Long-term use of heartburn drug can cause serious movement disorder

Thousands of people who suffer from gastrointestinal problems such as severe heartburn, acid reflux and gastroparesis, are treated with the prescription drug Reglan, known by the generic metoclopramide. These drugs were originally prescribed for daily use for as long as two years in some patients. What patients may not realize is that long-term use of the drug is no longer recommended – and, in fact, falls under an FDA black box warning – as it can cause a serious and sometimes permanent neurological disorder known as Tardive Dyskinesia.

Tardive Dyskinesia is an involuntary movement disorder that causes repetitive movements of the face and limbs. These movements include lip smacking, grimacing, tongue protusion, rapid eye movements or blinking, puckering and pursing of the lips, or impaired movements of the fingers. It is a debilitating condition whose symptoms often do not go away even after the offending medication has been stopped.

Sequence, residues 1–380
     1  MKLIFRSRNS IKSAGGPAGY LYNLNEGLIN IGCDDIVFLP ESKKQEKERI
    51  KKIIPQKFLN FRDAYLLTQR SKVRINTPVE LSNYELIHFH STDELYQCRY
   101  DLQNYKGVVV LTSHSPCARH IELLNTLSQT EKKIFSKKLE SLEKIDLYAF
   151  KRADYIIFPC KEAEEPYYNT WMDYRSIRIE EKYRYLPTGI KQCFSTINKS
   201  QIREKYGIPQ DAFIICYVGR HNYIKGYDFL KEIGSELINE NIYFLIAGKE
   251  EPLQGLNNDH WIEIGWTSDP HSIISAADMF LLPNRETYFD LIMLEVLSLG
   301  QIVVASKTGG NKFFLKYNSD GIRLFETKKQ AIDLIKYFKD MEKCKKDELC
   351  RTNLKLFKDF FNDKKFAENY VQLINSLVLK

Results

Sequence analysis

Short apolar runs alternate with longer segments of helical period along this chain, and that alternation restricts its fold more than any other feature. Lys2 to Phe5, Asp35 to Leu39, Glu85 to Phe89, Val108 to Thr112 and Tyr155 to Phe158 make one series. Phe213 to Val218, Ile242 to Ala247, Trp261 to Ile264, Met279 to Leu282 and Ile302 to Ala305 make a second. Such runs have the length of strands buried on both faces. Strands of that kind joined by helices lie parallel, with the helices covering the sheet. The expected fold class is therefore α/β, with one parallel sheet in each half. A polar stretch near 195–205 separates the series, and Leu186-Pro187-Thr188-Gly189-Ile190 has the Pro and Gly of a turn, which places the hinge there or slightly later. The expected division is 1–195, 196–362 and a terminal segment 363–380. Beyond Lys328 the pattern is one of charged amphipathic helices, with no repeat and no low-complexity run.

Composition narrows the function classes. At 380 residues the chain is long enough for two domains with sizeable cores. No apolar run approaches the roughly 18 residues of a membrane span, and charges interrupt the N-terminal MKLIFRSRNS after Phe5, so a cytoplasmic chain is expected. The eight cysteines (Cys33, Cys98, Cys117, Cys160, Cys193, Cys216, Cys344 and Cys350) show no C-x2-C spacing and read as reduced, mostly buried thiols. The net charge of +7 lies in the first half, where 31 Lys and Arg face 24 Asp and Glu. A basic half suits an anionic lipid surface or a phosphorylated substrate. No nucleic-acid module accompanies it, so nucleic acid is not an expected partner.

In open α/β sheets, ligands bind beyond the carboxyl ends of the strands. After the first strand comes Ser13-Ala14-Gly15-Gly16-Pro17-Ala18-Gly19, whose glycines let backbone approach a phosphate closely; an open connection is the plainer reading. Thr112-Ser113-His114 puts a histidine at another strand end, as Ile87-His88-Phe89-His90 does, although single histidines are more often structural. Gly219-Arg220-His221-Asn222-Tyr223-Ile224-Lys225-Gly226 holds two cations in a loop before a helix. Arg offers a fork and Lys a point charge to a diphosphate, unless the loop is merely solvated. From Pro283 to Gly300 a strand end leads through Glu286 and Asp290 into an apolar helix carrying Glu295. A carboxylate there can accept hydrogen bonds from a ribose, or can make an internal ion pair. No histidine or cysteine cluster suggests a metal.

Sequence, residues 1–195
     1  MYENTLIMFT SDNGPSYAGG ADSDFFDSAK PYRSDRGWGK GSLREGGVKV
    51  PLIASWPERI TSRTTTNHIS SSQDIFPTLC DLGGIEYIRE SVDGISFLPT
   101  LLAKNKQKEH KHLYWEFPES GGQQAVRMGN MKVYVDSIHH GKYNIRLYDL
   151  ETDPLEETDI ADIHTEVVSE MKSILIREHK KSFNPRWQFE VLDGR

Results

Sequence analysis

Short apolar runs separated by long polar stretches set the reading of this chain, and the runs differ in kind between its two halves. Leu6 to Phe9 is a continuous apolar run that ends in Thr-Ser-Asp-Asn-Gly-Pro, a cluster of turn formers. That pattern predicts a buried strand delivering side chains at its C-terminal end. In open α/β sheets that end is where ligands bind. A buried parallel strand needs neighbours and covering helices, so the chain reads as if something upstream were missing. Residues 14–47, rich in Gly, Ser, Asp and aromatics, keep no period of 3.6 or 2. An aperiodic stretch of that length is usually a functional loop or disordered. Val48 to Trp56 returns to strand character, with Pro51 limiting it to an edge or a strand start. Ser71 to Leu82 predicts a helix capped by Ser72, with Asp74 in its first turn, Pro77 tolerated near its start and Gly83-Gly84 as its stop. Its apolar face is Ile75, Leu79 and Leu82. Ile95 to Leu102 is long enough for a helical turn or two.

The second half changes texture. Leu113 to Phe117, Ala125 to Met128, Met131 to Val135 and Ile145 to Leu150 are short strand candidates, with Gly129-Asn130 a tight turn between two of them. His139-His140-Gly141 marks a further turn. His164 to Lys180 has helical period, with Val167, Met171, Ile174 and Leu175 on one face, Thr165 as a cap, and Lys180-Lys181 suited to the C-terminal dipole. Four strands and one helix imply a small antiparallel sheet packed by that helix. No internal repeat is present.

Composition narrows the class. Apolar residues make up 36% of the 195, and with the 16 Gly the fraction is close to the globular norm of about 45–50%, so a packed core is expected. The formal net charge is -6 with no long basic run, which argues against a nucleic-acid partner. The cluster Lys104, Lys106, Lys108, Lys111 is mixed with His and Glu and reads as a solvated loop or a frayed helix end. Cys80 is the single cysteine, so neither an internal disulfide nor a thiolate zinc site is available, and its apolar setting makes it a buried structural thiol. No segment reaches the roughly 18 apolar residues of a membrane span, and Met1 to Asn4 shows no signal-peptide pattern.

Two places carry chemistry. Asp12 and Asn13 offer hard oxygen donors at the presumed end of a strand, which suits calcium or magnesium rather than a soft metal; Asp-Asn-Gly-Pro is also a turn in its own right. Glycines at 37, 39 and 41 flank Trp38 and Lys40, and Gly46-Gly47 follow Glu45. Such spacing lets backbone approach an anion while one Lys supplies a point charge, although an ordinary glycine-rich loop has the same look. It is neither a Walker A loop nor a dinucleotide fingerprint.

Metoclopramide was originally used to treat psychosis in patients, but the drug showed more promise in controlling gastrointestinal disorders and is now largely used for this purpose. Neuroleptic drugs like metoclopramide, which also includes anti-psychotic drugs, have been associated with movement disorders and other serious side effects since the 1990s.

In 2000, Cisapride, another anti-psychotic drug that was also released as a gastrointestinal medication, was discontinued after it was found to cause cardiac complications in patients treated with the medication. This likely delayed the reporting of adverse events associated with metoclopramide.

Until the black box warning was issued earlier this year, metoclopramide safety labels indicated Tardive Dyskinesia was a rare side effect and did not warn against long-term use of the drug. In the interim, doctors freely prescribed the drug without knowledge of the serious problems it could cause over time. As a result, hundreds of people have filed suit against the makers of metoclopramide claiming they were not adequately warned of the dangers of taking the heartburn medication.